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Motsoeneng's 'irrational' SABC job: See you in court, says Zille

Andisiwe Makinana

The DA is to ask the high court to set aside Hlaudi Motsoeneng’s permanent posting as the SABC’s operations boss, the party’s leader says.

SABC chief operating officer. (Delwyn Verasamy, M&G)

The Democratic Alliance (DA) is taking Hlaudi Motsoeneng’s permanent appointment as the SABC’s chief operating officer on legal review and will seek the court to set the appointment aside. 

DA leader Helen Zille told journalists on Monday that the party will apply to the high court before the end of this week. Zille said the DA believes that there is a strong legal case that Motsoeneng’s appointment was irrational given public protector Thuli Madonsela’s findings against him. 

“Our high court application seeks to have the appointment of Motsoeneng reviewed and set aside as being irrational,” she said. Zille said they will make a case in the court that, in the light of the public protector’s findings, the decision to appoint Motsoeneng was irrational because Mandonsela’s findings were not taken into consideration. 

Zille said the only evidence that the SABC board and Communications Minister Faith Muthambi applied their mind to Madonsela’s report was Muthambi’s recent statement that an independent law firm considered the public protector’s report and “cleared Motsoeneng of any wrongdoing”.  

“But it is not possible for a law firm’s report to trump the report of a chapter nine institution, much less clear a person of wrongdoing — only a court can do that,” said Zille.

No candidates considered
Zille said the fact that no other candidates were considered was also problematic because the appointment process of the three executive directors was set out in the SABC’s articles of association. 

“The non-executive directors shall, after they have conducted interviews and compiled a short list of preferred candidates, recommend to the member [minister] for his or her approval or rejection, the appointment of the preferred candidate to fill any position as the executive directors of the corporation,” states section 11.1.2 of the articles of association. 

Zille said not only was  Motsoeneng’s appointment contrary to the requirements of the articles and the charter, it was irrational. “When appointing a person to such a post, it would be necessary to consider a variety of possible candidates in order to find the person best suited. It appears that the board did not perform that exercise. That renders the appointment irrational.”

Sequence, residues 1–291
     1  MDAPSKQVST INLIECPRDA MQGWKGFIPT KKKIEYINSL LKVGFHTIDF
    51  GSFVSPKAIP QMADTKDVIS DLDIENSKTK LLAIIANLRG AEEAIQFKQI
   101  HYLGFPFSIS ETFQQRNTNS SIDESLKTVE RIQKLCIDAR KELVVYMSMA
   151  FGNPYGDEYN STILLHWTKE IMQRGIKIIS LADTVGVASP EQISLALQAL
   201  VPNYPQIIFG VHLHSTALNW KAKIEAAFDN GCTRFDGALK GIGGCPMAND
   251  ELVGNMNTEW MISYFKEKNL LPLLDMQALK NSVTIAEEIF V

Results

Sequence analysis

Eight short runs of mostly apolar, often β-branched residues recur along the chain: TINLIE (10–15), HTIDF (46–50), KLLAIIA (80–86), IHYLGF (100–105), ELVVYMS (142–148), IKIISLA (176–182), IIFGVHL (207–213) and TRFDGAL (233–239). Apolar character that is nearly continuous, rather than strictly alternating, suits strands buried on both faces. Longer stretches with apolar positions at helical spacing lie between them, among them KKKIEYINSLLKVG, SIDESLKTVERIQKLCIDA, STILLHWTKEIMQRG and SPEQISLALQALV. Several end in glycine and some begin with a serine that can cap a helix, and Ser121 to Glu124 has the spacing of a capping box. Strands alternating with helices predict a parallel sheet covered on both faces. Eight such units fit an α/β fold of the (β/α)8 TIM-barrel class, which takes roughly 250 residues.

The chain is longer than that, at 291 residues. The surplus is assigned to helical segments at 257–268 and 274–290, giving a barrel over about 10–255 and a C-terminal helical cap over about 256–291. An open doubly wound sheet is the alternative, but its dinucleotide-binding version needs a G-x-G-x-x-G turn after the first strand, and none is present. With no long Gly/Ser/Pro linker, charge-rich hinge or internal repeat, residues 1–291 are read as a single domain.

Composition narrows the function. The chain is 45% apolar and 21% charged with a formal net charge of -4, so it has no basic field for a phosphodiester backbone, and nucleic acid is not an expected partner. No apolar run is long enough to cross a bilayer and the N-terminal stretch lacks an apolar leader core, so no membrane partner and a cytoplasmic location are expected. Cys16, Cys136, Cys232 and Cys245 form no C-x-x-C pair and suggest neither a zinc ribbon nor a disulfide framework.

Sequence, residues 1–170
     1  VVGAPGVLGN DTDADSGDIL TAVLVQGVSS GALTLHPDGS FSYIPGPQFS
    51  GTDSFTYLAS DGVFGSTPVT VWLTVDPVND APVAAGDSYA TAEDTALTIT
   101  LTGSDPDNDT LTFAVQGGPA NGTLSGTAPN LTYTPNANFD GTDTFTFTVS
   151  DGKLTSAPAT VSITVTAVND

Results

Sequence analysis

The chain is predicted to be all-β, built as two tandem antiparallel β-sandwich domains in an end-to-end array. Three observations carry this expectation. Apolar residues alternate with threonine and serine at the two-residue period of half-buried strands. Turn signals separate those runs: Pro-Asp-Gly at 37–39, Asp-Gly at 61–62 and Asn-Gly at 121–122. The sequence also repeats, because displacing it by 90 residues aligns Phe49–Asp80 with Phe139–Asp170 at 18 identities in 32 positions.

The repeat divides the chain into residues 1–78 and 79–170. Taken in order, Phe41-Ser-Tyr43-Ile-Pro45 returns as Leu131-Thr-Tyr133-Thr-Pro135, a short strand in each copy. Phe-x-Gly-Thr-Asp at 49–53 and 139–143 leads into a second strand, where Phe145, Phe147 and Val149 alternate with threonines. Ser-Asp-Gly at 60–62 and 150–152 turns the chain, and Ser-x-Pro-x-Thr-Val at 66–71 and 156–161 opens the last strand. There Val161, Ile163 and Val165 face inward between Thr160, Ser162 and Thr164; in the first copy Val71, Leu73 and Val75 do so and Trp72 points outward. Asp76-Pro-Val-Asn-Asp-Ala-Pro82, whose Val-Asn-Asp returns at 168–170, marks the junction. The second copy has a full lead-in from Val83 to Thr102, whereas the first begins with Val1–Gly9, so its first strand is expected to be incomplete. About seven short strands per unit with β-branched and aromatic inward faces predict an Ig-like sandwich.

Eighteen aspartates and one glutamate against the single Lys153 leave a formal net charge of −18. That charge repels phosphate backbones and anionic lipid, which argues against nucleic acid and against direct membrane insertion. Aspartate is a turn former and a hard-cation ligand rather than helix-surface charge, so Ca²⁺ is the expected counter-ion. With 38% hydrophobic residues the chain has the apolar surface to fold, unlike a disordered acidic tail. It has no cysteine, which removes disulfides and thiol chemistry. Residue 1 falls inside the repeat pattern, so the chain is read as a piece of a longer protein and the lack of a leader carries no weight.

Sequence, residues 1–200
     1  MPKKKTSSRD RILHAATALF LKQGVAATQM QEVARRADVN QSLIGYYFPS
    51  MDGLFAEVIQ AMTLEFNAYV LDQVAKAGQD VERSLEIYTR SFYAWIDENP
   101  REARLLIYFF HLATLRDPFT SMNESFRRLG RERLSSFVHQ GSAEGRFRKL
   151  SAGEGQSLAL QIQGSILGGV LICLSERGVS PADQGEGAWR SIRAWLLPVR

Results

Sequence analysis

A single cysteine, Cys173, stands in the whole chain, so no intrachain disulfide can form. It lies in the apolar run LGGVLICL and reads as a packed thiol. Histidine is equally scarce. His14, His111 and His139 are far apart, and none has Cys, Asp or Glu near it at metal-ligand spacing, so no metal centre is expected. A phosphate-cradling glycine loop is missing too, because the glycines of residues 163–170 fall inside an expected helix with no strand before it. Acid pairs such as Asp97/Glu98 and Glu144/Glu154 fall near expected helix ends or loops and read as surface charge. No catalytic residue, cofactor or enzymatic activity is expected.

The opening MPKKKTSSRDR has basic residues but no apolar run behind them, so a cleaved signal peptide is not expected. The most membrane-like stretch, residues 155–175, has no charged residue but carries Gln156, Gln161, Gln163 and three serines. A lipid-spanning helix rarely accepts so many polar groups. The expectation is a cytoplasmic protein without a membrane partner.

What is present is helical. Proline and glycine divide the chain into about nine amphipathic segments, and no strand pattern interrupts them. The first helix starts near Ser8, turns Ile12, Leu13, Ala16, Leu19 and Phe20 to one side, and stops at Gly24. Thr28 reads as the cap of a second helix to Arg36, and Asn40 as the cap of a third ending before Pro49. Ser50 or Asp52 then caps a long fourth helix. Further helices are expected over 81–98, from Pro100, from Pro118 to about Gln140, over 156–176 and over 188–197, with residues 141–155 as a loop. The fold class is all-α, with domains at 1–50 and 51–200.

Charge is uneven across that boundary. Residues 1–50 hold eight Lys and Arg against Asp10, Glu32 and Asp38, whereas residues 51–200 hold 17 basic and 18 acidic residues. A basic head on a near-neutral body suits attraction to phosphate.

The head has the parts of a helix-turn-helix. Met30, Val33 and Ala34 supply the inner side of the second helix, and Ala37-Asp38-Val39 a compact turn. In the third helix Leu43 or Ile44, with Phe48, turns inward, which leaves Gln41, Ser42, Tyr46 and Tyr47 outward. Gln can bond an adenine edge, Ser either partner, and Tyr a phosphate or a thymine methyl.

The DA would also call for a parliamentary debate on what it will take for South Africans to have a public broadcaster that performs the service demanded of it. The party wants Muthambi to account to the communications portfolio committee for the decision to appoint Motsoeneng permanently.

Other parties into the picture
The party’s spokesperson on communications, Gavin Davis, said that the DA was consulting all other opposition parties in Parliament about speaking collectively on the matter. In her report released in February, Madonsela found that while Motsoeneng was the SABC’s acting chief operating officer, his salary had increased from R1.5-million to R2.4-million in one year. 

He had also purged senior staff, and misrepresented his qualifications to the SABC — namely that he had passed matric. Madonsela recommended to the public broadcaster to appoint a new chief operating officer within 90 days. 

Muthambi announced in Pretoria last Tuesday that Motsoeneng, who had until then been acting chief operating officer, had been permanently appointed to the post. Meanwhile, Parliament’s portfolio committee on communications announced on Monday that all matters related to the department of communications and its entities, including the SABC, would form part of the committee’s programme for the next term.

The oversight committee’s chairperson, Joyce Moloi-Moropa, said the portfolio committee has been closely monitoring the developments at SABC and other entities reporting to the department. 

“The minister assured the committee during our last meeting that the SABC will meet their deadline [August 17] to responds to the public protector’s report,” she said. “We therefore believe that by the time we meet again with the department, all issues raised in the report would have been responded to, and we will take it from there as part of committee oversight mandate”. 

Moloi-Moropa added that the committee had at no staged resolved to summon Muthambi to the committee this week (as reported by some media) to explain her confirmation of Motsoeneng’s appointment as the permanent operations executive at the SABC. Parliament will be dealing with budget vote debates from this week until the end of July. Members of Parliament will go on recess at the beginning of August.


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